No. 96, Sept. 5, 2019
Hello Revelator readers,
Are you worried about the increasing privatization of water supplies? Activist Maude Barlow sure is, but she's also helping to develop solutions.
Check out our exclusive interview.
Barlow has a new book out too, and it's one of our picks for
September's best new environmental reads. The list also includes new titles about the Green New Deal, wildlife conservation, climate change and more from Naomi Klein, photographer Joel Sartore, Jonathan Safran Foer and others.
This is an important week for Pacific bluefin tuna with fisheries managers poised to vote on increased catch limits, despite the fact that the species remains vulnerable to extinction.
Read about the issues in our latest op-ed.
Asia's imperiled river otters got a big break last month with new international protections to save them from traffickers. Many of these stolen animals end up on display in "otter cafés," where customers can pet and play with the highly social animals. But
what may look cute actually poses serious health risks and could inspire more poaching. The new protections serve as an important reminder:
Treating otters as pets harms their future in the wild.
Subscriber bonus: The Wild 5
Let's go a little deeper. Here are five additional stories we're watching this week.
Hurricane Dorian slowed to a crawl over the Bahamas, creating deadly and destructive flooding — something scientists say we'll see more of as global temps continue to rise.
2. The Pentagon will divert $3.6 billion from its military budget to
3. New research shows that as U.S. cities get hotter,
poorer neighborhoods are most acutely feeling the heat — and it's already making people sick.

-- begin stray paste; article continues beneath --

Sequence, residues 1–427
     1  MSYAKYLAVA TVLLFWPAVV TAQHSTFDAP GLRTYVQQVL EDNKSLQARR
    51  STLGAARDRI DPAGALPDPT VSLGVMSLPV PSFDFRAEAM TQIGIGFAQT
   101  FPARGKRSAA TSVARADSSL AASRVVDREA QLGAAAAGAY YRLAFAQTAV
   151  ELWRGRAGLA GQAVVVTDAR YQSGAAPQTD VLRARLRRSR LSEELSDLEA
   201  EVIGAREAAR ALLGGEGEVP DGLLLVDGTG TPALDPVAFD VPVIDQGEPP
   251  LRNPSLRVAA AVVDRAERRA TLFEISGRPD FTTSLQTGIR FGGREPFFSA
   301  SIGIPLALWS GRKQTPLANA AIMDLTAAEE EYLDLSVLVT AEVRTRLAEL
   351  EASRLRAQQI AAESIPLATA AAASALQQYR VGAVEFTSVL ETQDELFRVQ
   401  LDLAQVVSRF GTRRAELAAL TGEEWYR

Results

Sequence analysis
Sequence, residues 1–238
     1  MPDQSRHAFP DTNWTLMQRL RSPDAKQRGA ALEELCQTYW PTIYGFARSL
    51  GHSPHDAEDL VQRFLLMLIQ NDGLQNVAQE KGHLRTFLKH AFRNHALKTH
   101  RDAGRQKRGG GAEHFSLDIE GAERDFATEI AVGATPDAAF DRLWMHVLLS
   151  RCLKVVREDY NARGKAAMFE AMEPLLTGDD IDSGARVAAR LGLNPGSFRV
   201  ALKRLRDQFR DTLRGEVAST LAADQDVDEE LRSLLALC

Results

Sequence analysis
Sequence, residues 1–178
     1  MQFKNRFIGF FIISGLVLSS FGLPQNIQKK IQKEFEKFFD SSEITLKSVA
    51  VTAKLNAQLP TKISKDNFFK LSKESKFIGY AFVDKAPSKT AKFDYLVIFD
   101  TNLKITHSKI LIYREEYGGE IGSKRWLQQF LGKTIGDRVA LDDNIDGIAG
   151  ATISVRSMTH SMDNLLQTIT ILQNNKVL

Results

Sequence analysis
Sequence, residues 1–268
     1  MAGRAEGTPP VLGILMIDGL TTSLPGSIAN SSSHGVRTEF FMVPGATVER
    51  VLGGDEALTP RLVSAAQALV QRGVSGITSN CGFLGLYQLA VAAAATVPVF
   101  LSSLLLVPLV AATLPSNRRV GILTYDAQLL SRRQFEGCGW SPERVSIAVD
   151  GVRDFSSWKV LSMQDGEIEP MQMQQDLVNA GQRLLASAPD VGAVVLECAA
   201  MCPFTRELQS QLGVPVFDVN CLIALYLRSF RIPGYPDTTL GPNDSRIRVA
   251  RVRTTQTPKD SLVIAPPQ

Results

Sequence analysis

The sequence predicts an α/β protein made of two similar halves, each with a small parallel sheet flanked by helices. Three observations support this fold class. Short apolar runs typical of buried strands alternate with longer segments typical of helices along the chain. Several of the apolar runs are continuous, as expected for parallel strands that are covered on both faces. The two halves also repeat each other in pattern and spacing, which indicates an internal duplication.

4. Interior Secretary David Bernhardt says the
United States' national parks need an infusion of $12 billion to fix repairs, but critics say the number is wildly inflated and is being used to open the door to privatization and energy development on our public lands.
5. Here's a recovery worth celebrating: England's River Thames was declared biologically dead 62 years ago, but it's now home to 120 species of fish. Scientists also counted
138 harbor seals born in the river this season.
In case you missed it:
Speaking of water rights, recent analysis reveals we have much less water in our aquifers than previously thought — and the oil and gas industry could put what's left at
even greater risk.
What should we cover next?
Our stories rely on insight from experts like you, so we always welcome your ideas and inside scoops.
Drop us a line anytime.
We're hard at work on our next batch of stories and essays. New pieces coming your way soon will cover a new idea in forest management, the language of conservation, the critically endangered vaquita porpoise, a hidden side effect of fracking, and a conservation
Oh yeah, and sharks!
Look for our links in next week's newsletter — or follow us on
Facebook for the headlines as they go live. We also share other news there, too, so feel free to join us and keep the discussion going.
As always, thank you for reading.